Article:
Following alleged "threats" from China, Vietnam has ordered Spanish oil firm Repsol to halt E&P activity at Block 136-03, an exploration lease located near Vanguard Bank in the South China Sea. Diplomatic sources report that China threatened to attack Vietnamese installations in the Spratly Islands if Repsol did not halt its work.
Vanguard lies about 200 nm southeast of Vung Tao, and Vietnam has maintained a series of manned outposts at the bank since the late 1980s as a deterrent to Chinese territorial ambitions. Vietnam claims the surrounding waters as part of its EEZ, but Vanguard is also within China's sweeping "nine-dash" line claim to the waters of the South China Sea. The Permanent Court of Arbitration in the Hague invalidated China’s claim last year, finding that it had no basis under the United Nations Convention on the Law of the Sea (UNCLOS); Beijing has broadly ignored the ruling.
The exploration lease at Vanguard is jointly owned by state-controlled PetroVietnam, UAE-based Mubadala Development and lease operator Repsol. Odfjell is Repsol's drilling contractor, and it is carrying out the work with the sixth-generation ultradeepwater drillship Deepsea Metro I. Reports suggest that Repsol may have uncovered a major gas reserve at Vanguard shortly before it was asked to halt work.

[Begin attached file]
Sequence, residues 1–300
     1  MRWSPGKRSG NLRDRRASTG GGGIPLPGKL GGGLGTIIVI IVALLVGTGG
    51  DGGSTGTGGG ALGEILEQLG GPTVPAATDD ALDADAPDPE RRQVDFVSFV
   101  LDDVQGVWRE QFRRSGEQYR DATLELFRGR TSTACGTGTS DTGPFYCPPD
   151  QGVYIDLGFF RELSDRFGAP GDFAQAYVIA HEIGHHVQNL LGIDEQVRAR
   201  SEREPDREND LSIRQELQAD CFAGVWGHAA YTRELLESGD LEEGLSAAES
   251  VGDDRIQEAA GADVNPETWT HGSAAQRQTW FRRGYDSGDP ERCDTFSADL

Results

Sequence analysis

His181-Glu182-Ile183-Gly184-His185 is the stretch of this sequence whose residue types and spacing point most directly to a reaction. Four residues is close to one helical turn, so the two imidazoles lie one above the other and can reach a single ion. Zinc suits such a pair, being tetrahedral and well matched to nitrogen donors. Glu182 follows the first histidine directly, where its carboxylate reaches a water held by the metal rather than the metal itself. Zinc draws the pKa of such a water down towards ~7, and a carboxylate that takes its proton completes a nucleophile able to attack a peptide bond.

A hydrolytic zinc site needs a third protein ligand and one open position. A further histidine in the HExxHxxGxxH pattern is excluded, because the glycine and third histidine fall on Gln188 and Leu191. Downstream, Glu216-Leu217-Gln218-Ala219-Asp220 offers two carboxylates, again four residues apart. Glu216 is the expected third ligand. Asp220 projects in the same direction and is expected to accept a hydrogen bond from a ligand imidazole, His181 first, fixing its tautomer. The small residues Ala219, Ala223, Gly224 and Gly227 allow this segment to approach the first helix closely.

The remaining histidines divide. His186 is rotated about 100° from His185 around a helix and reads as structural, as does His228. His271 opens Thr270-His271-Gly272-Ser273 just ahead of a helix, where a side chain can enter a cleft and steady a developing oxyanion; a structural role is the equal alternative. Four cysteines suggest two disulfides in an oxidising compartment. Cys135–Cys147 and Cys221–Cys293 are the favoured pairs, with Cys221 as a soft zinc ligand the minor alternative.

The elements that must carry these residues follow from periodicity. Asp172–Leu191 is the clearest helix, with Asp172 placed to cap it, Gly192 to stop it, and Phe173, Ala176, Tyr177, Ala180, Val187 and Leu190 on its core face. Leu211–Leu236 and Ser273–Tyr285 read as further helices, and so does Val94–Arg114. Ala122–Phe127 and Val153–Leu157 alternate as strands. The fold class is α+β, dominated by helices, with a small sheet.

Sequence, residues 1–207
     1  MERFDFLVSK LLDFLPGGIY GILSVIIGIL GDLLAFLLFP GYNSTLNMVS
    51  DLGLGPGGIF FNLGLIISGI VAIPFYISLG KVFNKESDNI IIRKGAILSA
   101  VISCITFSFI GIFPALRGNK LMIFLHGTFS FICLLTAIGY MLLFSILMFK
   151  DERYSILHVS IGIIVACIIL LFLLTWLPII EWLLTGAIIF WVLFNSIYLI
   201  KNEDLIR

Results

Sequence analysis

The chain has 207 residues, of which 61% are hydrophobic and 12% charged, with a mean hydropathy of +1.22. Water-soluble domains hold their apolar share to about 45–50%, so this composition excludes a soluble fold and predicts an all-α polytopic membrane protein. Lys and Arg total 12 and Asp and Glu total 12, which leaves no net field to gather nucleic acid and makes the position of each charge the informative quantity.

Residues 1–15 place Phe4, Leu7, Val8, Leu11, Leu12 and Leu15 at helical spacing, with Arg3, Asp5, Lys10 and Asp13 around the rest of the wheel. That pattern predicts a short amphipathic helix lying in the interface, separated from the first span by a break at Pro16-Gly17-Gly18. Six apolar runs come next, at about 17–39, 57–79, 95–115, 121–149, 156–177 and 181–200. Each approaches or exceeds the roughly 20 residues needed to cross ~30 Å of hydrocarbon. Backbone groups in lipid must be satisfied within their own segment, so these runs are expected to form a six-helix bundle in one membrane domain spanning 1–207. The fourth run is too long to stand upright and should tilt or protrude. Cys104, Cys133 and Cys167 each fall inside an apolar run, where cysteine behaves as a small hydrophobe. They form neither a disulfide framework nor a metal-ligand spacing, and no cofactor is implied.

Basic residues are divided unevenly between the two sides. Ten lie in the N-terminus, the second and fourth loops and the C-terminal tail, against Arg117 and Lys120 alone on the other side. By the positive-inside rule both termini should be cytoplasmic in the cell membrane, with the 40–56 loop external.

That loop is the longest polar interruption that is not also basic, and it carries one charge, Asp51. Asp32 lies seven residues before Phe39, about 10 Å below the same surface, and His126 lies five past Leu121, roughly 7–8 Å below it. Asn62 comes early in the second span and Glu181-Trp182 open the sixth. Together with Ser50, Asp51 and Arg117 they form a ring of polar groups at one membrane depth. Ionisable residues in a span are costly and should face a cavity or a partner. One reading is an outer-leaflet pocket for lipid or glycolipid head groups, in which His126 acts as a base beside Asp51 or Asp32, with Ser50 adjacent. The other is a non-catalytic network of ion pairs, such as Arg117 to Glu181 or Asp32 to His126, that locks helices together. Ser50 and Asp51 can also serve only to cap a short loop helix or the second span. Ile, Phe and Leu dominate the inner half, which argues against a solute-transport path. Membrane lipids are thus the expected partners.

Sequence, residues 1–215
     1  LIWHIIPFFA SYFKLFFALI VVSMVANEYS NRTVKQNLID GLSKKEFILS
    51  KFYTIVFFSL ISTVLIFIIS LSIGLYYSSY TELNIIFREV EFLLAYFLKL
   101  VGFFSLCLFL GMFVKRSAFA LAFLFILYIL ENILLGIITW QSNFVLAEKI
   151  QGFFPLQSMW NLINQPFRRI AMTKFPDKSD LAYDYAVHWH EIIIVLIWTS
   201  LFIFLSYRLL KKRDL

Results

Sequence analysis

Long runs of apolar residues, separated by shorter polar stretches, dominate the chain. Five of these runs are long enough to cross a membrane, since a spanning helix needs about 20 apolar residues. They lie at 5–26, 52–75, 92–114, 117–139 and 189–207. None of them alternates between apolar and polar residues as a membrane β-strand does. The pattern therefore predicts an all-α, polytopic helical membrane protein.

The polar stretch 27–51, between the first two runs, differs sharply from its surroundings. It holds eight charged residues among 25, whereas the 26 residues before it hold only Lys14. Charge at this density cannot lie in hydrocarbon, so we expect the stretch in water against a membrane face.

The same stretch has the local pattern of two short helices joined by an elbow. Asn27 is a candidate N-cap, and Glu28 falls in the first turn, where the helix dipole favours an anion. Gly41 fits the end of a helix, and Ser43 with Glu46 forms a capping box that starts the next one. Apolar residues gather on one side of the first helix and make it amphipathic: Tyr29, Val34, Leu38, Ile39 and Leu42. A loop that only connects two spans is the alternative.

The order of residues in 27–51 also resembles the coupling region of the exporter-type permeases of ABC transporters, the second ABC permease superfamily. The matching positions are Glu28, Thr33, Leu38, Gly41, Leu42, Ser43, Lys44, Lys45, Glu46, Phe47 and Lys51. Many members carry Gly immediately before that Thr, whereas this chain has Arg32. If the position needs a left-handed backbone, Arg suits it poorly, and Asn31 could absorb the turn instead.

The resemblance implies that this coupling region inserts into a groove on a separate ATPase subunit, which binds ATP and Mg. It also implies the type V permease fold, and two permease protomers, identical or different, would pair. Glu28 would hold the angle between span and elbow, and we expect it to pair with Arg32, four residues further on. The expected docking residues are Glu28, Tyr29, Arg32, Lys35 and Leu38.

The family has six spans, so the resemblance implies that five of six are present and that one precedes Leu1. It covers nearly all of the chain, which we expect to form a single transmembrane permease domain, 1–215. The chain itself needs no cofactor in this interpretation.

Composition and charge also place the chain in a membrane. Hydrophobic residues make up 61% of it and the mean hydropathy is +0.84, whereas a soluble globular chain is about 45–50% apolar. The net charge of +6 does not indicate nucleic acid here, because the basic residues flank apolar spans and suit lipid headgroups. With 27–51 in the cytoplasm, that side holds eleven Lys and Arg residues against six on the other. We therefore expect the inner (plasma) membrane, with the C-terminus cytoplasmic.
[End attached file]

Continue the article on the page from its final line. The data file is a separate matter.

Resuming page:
Vietnamese E&P leases; Block 136 is near the bottom right (PetroVietnam / Vietnam Navy blog)
The dispute has been building for at least a month. After a meeting between Senior Lieutenant General Fan Changlong, vice chairman of China's Central Military Commission and senior Vietnamese leaders in mid-June, Fan canceled Chinese attendance at a cross-border "friendship meeting" and returned to China. A source informed The Diplomat that Fan had asked Vietnamese leaders not to allow drilling at Block 136-03 during the meeting.
Asked Tuesday to comment on the halt to drilling at Vanguard, Chinese Foreign Ministry spokesman Lu Kang said that "China urges the relevant party to cease the relevant unilateral infringing activities and with practical actions safeguard the hard-earned positive situation in the South China Sea."
China and Vietnam have a history of tension over E&P activity in the South China Sea. In 2014, they faced off over a Chinese attempt to drill in Vietnamese waters near the Paracel Islands. China deployed over 100 civilian, coast guard and Navy vessels to defend the rig, and a Chinese fishing vessel allegedly rammed and sank a Vietnamese boat during the standoff. Chinese rigs deployed to other areas near the Paracels in 2015 and 2016, raising concerns of further confrontations.